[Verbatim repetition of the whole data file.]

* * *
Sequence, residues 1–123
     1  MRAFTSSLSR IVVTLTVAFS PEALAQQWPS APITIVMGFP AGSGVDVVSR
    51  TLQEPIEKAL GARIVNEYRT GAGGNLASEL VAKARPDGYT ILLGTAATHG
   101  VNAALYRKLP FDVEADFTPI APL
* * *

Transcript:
Sequence, residues 1–123
     1  MRAFTSSLSR IVVTLTVAFS PEALAQQWPS APITIVMGFP AGSGVDVVSR
    51  TLQEPIEKAL GARIVNEYRT GAGGNLASEL VAKARPDGYT ILLGTAATHG
   101  VNAALYRKLP FDVEADFTPI APL